Then there's the idea of bass singing as a role in a vocal stack, which doesn't necessarily need to be super low. If he's singing a part in a chord that's best represented by Brian's left hand on the piano, fulfilling a bass function, that's a bass vocal. The terminology can diverge in a whole lot of ways.
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Joshilyn Hoisington
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« Reply #39 on: April 22, 2021, 07:52:59 AM »

Couldn't Al actually sing a lot lower than Mike, if there was a contest?

The nomenclature is an interesting discussion, in any case.  There's words that describe more what role the singer plays than the range, and then there's words that describe the actual range, then there's words that describe the quality of the voice.

I know a lot of men in choirs who sing one part, but when they do solo literature, it's not that part -- they sing in choir because it makes sense for that choir.  When I was in choirs, I sang "alto" in one, but anything from Soprano, Canto, Alto, Tenor, discantus, quintus, contratenor, and a number of other descriptions.  None of that changed my range, though!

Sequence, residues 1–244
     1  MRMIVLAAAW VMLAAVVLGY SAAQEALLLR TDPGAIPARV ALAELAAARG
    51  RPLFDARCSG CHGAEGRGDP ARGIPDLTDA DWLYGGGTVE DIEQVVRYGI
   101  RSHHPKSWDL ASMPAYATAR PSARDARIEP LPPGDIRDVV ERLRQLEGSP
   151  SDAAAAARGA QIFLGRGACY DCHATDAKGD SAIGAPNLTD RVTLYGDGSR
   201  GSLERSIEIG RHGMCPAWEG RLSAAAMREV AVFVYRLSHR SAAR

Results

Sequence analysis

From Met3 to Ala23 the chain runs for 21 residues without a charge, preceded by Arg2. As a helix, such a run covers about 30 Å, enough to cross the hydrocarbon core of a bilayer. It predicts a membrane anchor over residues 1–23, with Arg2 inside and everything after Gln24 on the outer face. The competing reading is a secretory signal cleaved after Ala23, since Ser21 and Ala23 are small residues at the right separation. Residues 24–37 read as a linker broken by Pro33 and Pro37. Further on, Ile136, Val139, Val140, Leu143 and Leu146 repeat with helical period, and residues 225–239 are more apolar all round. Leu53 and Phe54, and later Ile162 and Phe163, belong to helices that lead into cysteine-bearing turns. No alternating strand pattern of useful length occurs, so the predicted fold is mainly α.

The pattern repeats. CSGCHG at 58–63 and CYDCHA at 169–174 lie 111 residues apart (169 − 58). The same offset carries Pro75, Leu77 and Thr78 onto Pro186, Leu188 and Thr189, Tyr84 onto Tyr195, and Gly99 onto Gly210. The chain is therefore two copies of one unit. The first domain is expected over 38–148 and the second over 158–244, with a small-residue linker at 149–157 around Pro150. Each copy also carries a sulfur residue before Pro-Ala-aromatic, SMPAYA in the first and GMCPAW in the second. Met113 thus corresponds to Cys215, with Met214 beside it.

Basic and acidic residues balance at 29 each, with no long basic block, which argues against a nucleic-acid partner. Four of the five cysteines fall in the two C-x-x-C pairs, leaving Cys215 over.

Mike was the bass singer in the sense that he usually took the lowest part.
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sloopjohnb72
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« Reply #40 on: April 22, 2021, 08:20:59 AM »

Couldn't Al actually sing a lot lower than Mike, if there was a contest?

The nomenclature is an interesting discussion, in any case.  There's words that describe more what role the singer plays than the range, and then there's words that describe the actual range, then there's words that describe the quality of the voice.

I know a lot of men in choirs who sing one part, but when they do solo literature, it's not that part -- they sing in choir because it makes sense for that choir.  When I was in choirs, I sang "alto" in one, but anything from Soprano, Canto, Alto, Tenor, discantus, quintus, contratenor, and a number of other descriptions.  None of that changed my range, though!